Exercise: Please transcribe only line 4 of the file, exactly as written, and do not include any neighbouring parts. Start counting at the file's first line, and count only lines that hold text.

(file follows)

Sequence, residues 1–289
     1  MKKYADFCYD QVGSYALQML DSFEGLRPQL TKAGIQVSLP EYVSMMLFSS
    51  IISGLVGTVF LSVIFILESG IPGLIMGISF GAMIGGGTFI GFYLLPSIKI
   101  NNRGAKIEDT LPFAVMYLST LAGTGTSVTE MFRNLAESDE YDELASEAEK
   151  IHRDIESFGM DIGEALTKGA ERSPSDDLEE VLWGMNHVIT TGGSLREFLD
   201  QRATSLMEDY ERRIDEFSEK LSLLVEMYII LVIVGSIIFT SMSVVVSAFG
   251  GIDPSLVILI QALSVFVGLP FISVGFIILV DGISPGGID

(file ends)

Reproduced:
   101  NNRGAKIEDT LPFAVMYLST LAGTGTSVTE MFRNLAESDE YDELASEAEK